Rajasthan CM Ashok Gehlot
After Rahul Gandhi resigned as the Congress
party president, the Gandhi family as well as other leaders, agreed that Rajasthan Chief Minister Ashok Gehlot
would be the next party chief. An emissary was sent to Gehlot to convince him to agree to the idea. He, however, turned down the offer and argued that a younger person should be made Congress
chief to rebuild the party. He signalled Rajasthan Deputy Chief Minister Sachin Pilot, who is considered one of the frontrunners for the job. On Wednesday, after presenting the Budget in the Rajasthan Assembly, Gehlot left no one in doubt that he planned to stick to his current job. At the press conference held after the Budget presentation, he said people in the villages strongly felt during the Assembly elections last year that "no one else but Ashok Gehlot
should become chief minister". "Respecting people's sentiments, Congress
President Rahul Gandhi gave me the opportunity," he said.
The nomination of Marumalarchi Dravida Munnetra Kazhagam (MDMK) leader Vaiko for the Rajya Sabha elections, despite a court order convicting him in a decade-old sedition case, has defused a potentially hazardous situation in Tamil Nadu. Of the three seats allocated for the DMK alliance, one was promised to Vaiko, but the Dravida Munnetra Kazhagam (DMK) had filed a fourth nomination — for N R Elango — on Monday much to the consternation of MDMK leaders. The DMK had justified the fourth nomination on the ground that if Vaiko's was rejected — because of the conviction — Elango's nomination would be considered. On their part, MDMK members contended that if the nomination was allocated to the MDMK, Vaiko's replacement should also come from the party. Indeed, if Vaiko's nomination wasn't accepted, the ensuing discontentment had the potential to derail the alliance between the two parties.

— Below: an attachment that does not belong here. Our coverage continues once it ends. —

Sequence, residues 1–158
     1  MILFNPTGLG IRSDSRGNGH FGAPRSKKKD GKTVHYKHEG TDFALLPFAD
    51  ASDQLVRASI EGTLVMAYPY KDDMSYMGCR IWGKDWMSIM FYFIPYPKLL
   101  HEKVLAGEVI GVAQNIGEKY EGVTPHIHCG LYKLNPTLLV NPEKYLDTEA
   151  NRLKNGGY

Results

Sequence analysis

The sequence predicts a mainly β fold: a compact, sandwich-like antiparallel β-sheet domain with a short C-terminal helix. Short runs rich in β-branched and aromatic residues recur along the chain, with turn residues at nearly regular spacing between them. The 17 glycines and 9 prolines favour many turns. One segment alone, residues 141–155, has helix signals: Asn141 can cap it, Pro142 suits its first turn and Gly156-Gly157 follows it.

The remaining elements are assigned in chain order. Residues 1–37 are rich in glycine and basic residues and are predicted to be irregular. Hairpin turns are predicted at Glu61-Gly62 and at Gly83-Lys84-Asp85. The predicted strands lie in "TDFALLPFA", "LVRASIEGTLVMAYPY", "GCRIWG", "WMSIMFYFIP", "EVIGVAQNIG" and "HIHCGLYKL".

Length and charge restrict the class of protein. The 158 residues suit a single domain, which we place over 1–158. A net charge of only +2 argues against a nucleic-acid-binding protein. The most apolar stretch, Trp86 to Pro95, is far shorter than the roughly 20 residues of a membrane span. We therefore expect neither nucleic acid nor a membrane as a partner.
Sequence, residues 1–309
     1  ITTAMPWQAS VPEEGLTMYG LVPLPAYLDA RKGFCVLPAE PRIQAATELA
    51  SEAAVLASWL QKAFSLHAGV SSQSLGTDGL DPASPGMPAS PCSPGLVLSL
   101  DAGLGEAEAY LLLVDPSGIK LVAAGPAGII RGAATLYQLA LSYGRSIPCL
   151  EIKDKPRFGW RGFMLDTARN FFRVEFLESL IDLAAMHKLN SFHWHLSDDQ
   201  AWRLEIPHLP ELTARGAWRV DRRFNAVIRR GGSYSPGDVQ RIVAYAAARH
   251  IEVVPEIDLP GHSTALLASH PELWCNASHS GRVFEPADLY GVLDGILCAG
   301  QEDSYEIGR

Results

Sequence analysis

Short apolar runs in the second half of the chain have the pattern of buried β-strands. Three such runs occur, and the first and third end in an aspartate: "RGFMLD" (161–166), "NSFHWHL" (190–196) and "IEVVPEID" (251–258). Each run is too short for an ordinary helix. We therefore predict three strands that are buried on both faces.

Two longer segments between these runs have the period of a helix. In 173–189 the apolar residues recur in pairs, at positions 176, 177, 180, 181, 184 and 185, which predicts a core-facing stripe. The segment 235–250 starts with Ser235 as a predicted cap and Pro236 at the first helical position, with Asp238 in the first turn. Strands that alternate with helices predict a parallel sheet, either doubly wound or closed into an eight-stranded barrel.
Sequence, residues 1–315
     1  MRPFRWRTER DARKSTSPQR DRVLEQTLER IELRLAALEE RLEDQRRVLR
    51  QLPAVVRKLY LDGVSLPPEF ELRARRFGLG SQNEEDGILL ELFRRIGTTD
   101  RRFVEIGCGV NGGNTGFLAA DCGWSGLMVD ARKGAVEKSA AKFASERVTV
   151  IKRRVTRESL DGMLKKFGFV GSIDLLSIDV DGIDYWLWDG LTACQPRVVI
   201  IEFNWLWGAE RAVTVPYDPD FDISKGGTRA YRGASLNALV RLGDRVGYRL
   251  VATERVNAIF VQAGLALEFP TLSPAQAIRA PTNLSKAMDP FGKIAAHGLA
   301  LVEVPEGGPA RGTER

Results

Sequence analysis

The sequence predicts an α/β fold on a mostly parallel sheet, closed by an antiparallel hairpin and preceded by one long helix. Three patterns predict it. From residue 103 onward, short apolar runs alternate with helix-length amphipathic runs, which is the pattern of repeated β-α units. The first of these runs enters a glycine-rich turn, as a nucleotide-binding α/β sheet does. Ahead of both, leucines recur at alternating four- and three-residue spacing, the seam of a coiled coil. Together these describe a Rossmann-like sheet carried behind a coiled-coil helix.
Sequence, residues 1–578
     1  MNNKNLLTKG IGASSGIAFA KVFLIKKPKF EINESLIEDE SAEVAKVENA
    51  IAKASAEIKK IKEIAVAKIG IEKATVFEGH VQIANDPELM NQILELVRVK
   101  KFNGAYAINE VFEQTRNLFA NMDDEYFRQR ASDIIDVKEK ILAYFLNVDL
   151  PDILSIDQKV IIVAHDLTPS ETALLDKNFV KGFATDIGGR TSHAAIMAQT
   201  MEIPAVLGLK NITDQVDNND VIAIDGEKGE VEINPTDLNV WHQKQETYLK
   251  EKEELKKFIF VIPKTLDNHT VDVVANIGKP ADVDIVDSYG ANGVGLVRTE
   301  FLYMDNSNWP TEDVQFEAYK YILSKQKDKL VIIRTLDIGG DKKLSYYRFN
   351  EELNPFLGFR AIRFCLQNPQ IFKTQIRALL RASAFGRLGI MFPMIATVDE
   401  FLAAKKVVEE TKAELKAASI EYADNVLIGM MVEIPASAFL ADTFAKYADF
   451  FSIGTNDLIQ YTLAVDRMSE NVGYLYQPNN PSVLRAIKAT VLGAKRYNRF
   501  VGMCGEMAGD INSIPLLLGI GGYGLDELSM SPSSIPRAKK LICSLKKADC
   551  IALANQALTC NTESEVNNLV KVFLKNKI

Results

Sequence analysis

Birla makes a strong debut
Those who underestimated Om Birla (pictured) and doubted his ability to discharge the onerous task of being the Speaker of the Lok Sabha must have been surprised by the two-time Bharatiya Janata Party (BJP) MP's debut in Parliament. On Wednesday, as Finance Minister Nirmala Sitharaman replied during the Budget debate, Birla castigated not just Opposition members who interrupted her from time to time, but also those of the ruling party. Birla refused to allow Trinamool’s Saugata Roy, who got up from his seat frequently, to seek clarification at the end of Sitharaman's response, but permitted Trinamool leader Sudip Bandyopadhyay to ask the question on Roy’s behalf. As BJP’s Ramesh Bidhuri rose to interrupt Roy time and again, Birla left the former speechless saying that while he wished Bidhuri would become a minister soon, since he was not one at the moment, he would do well to take his seat rather than speak out of turn.